Hours of Customization
You are able to choose from four races: Human, Elf, Dwarf, and Qunari. Each have their own unique race perk; Humans have an extra skill point to use at the start of the game, Elves are more resistant to ranged damage, Dwarves are more resistant to magic damage, and Qunari are more resistant to melee damage. And all races can become any class expect for the Dwarf, as they have no magic affinity, they cannot become mages. What I found really interesting was the addition of the Qunari, I love these horned giants, and Inquisition was the first game which allowed you to choose the race (or religion considering all the follow the Qun are considered Qunari) as a character.
During the customization screen, while some customizable features keep the traditional slide bar, others use a square grid which I think is just great, plus there was an eye colour feature that allowed you to use any colour in the palette to change the inner AND outer irises. So imagine you could have a pink and blue eye for example.
Some characters make a return such as: Morrigan, Varric, Cassandra, Leliana, and a certain Champion. And each character gets their own tarot card in the party selection menu, which I think is a nice touch, And the tarot cards of your party change depending on whether you complete missions with them involved.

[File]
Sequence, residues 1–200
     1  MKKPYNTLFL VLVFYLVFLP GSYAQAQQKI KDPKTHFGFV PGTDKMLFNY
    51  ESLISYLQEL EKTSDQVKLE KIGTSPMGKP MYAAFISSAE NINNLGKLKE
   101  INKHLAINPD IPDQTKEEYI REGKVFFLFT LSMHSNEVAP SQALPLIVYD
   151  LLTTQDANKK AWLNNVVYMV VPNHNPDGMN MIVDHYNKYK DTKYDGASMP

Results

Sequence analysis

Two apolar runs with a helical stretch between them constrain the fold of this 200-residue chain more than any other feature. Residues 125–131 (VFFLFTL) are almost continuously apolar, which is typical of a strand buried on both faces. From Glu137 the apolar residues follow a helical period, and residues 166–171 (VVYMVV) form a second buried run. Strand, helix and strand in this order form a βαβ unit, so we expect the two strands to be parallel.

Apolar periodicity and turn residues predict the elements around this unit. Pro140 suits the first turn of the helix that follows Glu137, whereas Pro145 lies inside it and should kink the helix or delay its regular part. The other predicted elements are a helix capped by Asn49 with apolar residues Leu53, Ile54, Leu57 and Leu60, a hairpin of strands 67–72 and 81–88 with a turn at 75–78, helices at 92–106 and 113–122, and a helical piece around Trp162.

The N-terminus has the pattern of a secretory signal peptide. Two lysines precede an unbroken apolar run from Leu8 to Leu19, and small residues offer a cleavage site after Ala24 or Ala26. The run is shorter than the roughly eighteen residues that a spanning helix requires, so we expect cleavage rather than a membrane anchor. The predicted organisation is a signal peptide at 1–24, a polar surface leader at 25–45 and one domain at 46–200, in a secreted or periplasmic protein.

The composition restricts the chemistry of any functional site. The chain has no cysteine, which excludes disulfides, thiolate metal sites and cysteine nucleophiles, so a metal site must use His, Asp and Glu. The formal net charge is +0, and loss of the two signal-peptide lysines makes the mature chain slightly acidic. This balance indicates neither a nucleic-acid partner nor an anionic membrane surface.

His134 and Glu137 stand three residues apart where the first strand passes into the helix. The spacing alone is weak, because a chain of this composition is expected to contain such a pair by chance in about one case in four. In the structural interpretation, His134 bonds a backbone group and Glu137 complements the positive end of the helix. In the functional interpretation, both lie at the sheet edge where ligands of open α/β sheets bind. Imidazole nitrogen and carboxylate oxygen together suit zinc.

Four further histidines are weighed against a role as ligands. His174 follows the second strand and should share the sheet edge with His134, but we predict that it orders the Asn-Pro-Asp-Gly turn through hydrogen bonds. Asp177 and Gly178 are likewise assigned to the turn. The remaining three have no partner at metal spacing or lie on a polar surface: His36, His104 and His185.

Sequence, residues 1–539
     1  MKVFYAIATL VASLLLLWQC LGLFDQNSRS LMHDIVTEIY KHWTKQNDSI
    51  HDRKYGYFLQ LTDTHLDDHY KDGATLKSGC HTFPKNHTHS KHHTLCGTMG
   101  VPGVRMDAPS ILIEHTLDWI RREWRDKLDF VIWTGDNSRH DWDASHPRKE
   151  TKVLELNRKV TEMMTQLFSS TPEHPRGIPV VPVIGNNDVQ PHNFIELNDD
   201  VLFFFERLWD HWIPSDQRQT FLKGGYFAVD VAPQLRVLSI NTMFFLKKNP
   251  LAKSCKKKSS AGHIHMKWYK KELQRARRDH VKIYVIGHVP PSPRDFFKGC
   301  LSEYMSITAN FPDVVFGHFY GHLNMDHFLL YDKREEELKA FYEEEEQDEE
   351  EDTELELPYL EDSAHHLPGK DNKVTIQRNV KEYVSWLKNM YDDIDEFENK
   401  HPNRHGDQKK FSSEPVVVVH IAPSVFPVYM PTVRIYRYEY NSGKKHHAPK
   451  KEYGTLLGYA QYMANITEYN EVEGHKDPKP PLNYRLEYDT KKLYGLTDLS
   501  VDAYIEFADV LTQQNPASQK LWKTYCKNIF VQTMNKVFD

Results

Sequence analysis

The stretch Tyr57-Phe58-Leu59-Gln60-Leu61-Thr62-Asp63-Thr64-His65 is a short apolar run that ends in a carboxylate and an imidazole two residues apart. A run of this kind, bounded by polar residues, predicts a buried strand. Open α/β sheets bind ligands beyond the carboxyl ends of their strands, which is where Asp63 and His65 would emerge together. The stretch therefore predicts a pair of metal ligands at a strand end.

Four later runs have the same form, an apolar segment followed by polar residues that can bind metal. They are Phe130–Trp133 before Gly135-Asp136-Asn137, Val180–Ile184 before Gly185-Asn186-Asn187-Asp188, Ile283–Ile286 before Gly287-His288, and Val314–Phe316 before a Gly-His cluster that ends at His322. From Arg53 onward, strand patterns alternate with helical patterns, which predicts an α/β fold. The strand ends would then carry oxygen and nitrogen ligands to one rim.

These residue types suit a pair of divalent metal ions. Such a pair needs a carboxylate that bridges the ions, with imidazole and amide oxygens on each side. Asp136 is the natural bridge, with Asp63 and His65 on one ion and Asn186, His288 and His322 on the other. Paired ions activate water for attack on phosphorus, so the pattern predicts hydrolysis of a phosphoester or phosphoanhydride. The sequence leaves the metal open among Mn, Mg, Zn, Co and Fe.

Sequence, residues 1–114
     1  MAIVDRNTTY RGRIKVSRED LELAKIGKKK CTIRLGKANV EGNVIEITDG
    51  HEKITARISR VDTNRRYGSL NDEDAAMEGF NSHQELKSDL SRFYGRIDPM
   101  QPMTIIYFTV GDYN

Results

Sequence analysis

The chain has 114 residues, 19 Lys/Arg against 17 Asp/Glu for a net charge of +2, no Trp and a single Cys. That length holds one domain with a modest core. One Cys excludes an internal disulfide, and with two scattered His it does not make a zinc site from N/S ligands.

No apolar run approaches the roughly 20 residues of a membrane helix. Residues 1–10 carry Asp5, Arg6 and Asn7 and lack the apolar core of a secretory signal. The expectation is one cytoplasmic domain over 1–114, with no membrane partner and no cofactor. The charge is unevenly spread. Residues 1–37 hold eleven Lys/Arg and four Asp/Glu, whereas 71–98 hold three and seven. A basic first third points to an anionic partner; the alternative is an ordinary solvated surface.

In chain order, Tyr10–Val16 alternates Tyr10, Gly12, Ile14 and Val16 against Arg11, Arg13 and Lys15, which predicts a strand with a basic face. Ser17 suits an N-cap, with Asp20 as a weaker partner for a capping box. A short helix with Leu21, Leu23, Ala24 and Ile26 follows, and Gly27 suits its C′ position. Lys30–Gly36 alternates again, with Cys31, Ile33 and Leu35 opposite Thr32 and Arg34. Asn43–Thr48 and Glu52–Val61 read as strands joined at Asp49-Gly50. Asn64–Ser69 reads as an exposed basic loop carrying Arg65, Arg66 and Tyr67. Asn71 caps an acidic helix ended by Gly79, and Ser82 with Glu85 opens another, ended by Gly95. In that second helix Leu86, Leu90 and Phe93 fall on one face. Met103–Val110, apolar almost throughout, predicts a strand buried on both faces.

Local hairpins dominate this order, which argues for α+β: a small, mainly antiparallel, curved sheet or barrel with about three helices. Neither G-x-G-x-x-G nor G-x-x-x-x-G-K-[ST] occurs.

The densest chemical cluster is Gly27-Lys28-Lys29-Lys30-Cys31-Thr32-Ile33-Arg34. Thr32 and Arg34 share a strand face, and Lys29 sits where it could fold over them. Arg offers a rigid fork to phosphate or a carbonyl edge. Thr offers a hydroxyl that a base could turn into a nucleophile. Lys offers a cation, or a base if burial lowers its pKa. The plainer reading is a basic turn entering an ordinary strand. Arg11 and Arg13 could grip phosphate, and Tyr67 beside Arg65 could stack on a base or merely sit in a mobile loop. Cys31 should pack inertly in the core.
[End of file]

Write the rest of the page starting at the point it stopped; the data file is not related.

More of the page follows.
I suggest that you always talk to your companions as it opens up that character, one instance that surprised me was Blackwall. In your Journal, look for the quests under the category “The Inner Circle”.
The banter is back, the lovely banter between your party members. Though at some points, I found it lacking, and when you are stuck with boring people, you get boring banter. For some of the more interesting talks, you should have Sera, Iron Bull, or Dorian in your party at all times.
And in continuation with finding this lacking in this game, I found that there wasn’t much combat customization. In previous games, you can set up tactic slots and make your dumb A.I. do [this] when [this happened], but now all you can say is whether or not the character uses or prefers a skill, and when to use potions. It left me feeling unneeded as a tactical commander, so I was rarely using the tactical cam.
Now, I have usually played Dragon Age on PC, so when I started playing on console, it felt different. It wasn’t better or worse, it was just different. You can either play from a third person view, or a tactical cam/birds eye view. Both are good in my opinion; third person allows more streamlined action oriented experience, while I pretty much only used tactical camera for the harder portions of the game. The tactical camera deserves some praise, although not a lot of people use it, they have made it perfect for Dragon Age, most specifically in the way you can fast forward time while in tactical mode so you don’t have to leave it.
+ Many different regions to explore
+ Dragon Age Keep
– Lack of individual character tactics
– Some characters have really boring banter